Tuesday, March 29, 2016

F# Yield Keyword

The yield keyword in F# is similar to the Return keyword in that it returns a value. The difference is yield is used within a sequence (or an enumeration) and it does not stop the enumeration.

Here is an example of filtering a list and returning a list of lists.
[3; 6; 8; 9]
|> List.filter(fun x -> x > 5)
|> List.map(fun x -> [x + 1])
val it : int list list = [[7]; [9]; [10]]

To accomplish this task with for..in and yield we could do the following:
[for x in [3; 6; 8; 9] do
  if x > 5 then
    yield [x + 1]]
val it : int list list = [[7]; [9]; [10]]

yield is similar to Return in that they both have counterparts like ReturnFrom (return!) and YieldFrom (yield!). Yield bang will do a collect and flatten the returned sequence. Here is the example using yield bang.
[for x in [3; 6; 8; 9] do
  if x > 5 then
    yield! [x + 1]]
val it : int list = [7; 9; 10]

Tuesday, March 22, 2016

What are Fluent Interfaces?

What are they?
A fluent interface is an API facade that uses method chaining that preserves state throughout the method calls. This type of API can lead to more readable OO code because each method call returns a new class that contains the new state. Meaning the result of each call does not have to be stored in a variable and can be chained together.

When to use?
Functional programming has pipelining and higher order functions to achieve the readability win that fluent interfaces provide in OO languages. So, I think fluent interfaces are unnecessary in functional languages. Fluent interfaces can provide more readable code using method chaining in OO languages. Use them when your API needs to be simplified and you want it to read well.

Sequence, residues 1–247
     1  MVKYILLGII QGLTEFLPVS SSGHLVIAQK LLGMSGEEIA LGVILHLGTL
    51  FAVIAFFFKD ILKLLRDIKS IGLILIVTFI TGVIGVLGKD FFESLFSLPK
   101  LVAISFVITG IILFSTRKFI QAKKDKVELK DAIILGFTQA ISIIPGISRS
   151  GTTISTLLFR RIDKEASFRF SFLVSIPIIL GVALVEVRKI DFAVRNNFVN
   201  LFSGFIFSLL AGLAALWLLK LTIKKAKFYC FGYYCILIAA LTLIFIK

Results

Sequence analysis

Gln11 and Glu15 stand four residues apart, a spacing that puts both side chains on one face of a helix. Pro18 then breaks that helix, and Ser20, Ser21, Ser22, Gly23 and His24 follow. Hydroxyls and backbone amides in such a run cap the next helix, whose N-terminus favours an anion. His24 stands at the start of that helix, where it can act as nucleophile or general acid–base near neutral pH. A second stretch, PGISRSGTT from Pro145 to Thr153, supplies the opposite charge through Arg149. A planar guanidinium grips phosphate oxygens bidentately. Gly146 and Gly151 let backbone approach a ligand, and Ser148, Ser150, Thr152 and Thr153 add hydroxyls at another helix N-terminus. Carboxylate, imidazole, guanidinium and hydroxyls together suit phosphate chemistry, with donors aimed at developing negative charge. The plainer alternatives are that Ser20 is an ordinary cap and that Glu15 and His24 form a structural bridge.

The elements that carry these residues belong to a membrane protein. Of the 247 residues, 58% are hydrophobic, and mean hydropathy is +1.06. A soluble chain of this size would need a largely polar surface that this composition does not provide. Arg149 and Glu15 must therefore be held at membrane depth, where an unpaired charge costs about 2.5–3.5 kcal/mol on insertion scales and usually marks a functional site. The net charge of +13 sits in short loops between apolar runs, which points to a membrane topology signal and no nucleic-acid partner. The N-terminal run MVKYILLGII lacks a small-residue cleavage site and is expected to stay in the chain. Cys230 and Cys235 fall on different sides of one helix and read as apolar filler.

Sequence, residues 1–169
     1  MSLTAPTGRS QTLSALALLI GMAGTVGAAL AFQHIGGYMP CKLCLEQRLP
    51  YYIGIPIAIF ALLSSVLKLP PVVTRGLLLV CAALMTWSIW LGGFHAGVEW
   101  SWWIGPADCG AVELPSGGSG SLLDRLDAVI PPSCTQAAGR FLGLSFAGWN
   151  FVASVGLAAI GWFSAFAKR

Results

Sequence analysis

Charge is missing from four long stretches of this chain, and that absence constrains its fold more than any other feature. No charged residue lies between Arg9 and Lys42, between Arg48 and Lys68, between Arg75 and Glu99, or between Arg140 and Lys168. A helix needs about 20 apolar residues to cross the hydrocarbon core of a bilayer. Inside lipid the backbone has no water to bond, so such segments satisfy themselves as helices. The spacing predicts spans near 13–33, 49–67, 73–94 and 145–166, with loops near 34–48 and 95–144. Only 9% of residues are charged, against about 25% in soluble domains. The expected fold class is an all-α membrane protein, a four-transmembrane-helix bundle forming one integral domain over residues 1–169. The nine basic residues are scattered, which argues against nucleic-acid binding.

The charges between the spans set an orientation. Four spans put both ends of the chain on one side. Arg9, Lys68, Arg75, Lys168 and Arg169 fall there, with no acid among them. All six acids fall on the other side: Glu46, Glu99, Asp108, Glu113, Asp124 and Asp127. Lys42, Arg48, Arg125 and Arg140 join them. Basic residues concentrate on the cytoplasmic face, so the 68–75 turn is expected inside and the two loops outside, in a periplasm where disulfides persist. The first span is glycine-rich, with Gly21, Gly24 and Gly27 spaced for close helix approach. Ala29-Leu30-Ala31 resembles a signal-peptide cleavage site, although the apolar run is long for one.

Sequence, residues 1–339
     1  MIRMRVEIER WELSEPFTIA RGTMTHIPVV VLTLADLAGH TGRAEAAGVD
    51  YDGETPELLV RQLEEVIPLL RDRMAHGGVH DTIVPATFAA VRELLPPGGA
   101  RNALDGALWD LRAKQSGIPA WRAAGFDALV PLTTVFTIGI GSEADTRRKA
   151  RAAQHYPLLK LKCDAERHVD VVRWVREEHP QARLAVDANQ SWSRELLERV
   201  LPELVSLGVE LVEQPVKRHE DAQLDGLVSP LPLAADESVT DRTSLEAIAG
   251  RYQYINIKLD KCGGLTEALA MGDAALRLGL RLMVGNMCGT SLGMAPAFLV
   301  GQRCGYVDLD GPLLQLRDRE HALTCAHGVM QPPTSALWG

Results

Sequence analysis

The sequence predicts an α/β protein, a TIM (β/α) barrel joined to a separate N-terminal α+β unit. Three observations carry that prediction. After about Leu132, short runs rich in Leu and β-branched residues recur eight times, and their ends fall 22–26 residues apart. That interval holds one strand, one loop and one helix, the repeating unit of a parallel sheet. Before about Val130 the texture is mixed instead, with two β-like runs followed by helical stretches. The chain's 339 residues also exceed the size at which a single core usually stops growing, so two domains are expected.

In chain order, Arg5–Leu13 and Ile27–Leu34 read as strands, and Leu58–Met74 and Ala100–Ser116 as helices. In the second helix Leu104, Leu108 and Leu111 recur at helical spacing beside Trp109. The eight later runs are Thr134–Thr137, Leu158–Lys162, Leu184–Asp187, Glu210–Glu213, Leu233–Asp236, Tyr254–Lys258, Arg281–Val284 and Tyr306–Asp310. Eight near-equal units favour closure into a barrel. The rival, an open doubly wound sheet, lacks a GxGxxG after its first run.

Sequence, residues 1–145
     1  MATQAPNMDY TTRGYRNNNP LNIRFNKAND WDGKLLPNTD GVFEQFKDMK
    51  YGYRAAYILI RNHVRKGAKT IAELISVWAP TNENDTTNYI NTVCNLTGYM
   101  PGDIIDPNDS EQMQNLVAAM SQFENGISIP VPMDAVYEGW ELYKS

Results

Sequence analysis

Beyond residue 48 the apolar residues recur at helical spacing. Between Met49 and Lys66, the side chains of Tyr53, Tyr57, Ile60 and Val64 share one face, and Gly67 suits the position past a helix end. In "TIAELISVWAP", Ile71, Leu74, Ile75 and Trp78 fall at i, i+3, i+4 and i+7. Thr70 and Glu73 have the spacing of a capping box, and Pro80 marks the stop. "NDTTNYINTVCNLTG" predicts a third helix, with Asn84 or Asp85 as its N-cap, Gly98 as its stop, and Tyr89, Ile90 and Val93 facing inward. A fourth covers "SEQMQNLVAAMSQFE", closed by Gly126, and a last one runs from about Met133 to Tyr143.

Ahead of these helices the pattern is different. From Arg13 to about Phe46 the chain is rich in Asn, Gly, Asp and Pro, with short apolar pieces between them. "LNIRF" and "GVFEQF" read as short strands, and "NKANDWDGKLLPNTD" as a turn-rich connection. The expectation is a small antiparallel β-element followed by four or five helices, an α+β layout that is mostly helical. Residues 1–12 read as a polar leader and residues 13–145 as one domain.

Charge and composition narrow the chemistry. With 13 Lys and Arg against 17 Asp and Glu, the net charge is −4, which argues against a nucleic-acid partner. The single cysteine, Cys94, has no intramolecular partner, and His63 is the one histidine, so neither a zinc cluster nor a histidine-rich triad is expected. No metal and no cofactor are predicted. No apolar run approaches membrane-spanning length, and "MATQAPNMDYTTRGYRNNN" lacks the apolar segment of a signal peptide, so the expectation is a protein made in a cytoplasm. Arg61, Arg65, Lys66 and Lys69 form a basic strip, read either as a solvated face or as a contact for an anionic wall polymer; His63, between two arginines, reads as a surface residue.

Take this LINQ example:
[1; 2; 4]
  .Select(fun x -> x + 1)
  .Where(fun y -> y < 4)

There is a lot going on under the hood, but by simply looking at this code it is easy to tell what is supposed to happen.

How to implement?
To implement method chaining each method must return a new instance of a class taking into account the current state. A fluent interface is not necessarily just method chaining, so how to implement a fluent interface is specific to the domain space. We'll use a simple method chaining example here.

Here is a class with two actions.
type Counter = { Count: int } with
  member this.Increment : Counter = 
    { Count = this.Count + 1 }
  member this.Print : Counter = 
    printfn "Current Count = %i" this.Count
    { Count = this.Count }

Each action returns a new instance of the class and the method calls can be chained together.
{ Count = 3 }

The output of the above statement would be:
Current Count = 4
Current Count = 6
This example is trivial but this method can be used with complicated scenarios resulting in more readable code.

Tuesday, March 15, 2016

My Favorite F# Feature - Creating an Anonymous Class from an Interface

There are a lot of delightful F# language features and the best may be the ability to create an anonymous class implementing an interface. When I first discovered this feature I jumped out of my chair with excitement. Let's walk through a simple scenario.

Here we have a simple interface:
type SomeRecord = { 
    ID : int 
    Name : string 
type IDatabase =
    abstract member Get: int -> SomeRecord
    abstract member Save: SomeRecord -> bool

Here is the normal way to implement an interface:
type RealDatabase() =
    interface IDatabase with 
        member this.Save x = // database get implementation
        member this.Get record = // database save implementation

This could be used in code as follows (admittedly a rather contrived example):
let Service (db:IDatabase) id = db.Get id

When writing a unit test for this function we could create a test class implementing the interface. But, using F# allows creating an instance of the interface on the fly which makes testing really easy like so:
let ``Some unit test``() =